My dad called to let me know Great Uncle Wallace died today. When I was a kid and we visited my grandparents in their tiny town in Tennessee, he and my Great Aunt Mary always came to visit us. He wore overalls every single time I ever saw him, and he always had a 2 dollar bill for me and one for my brother. I used to try and save them as the special thing they were, but usually my brother and I would spend them on gum or a Coke or stickers or some other nonsense. That’s probably what he wanted, but I always felt a little guilty anyway. He survived a German POW camp in WWII. He said he watched many of his fellow soldiers die because they weren’t used to working so hard, but that he’d really never known anything different, so just kept getting by. Not that it was easy - it was awful. But he could do it when so many others just couldn’t. A long time after my Great Aunt Mary died, he started “visiting” with the eligible ladies in town. My dad said he never really settled on one because each lady offered something a little different; good pie here, a laugh over there; a nice hand hold down the road.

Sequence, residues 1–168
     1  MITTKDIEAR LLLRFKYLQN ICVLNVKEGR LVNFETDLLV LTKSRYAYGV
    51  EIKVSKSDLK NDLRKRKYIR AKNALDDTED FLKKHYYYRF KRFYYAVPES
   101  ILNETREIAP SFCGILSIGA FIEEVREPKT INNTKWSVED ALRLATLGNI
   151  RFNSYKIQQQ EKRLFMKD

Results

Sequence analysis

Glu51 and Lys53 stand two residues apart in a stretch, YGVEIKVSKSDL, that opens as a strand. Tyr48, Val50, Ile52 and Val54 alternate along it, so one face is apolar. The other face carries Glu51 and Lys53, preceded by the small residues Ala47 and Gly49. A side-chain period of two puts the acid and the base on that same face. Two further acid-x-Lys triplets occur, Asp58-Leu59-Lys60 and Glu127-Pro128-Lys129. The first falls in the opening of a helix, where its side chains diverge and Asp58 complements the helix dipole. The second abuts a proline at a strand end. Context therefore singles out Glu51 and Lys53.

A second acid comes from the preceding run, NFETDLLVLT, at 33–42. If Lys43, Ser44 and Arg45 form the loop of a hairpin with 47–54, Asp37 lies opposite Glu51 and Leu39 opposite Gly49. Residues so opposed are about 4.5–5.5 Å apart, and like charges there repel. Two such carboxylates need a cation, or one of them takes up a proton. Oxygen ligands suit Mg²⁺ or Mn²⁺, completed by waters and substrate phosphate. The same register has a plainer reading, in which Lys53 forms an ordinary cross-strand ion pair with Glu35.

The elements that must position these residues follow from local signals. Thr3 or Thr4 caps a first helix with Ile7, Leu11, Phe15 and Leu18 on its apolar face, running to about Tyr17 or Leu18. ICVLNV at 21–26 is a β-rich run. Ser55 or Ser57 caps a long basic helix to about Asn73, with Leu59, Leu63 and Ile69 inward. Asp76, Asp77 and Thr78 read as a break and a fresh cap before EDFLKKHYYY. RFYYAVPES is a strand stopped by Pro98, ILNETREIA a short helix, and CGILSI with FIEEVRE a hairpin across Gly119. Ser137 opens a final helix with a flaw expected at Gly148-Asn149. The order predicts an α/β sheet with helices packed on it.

He lived a full life and our family was lucky to have him as a beloved member. I wish him peace on this next leg of his journey.
by Claire Wahmanholm
There’s a burr buried in my brain’s wool,
abiding as a radar blip, and culling’s no good
because of this haywire bit (I’m slowly going it),
losing my grip on my lips, all that tip-
of-the-tongue business, plus this bouquet
of aphasias and -lalias that I can’t shake,
never mind the stick.
And soon it’s not just that,
but this, this something else, this sticking
of gears, this mile of pulled stitches that ravels
out of my ear, this tear that comes from nowhere,
this fritz, this hitch, this itch that won’t quit,
that begets the grains of something like regret
and sows them everywhere.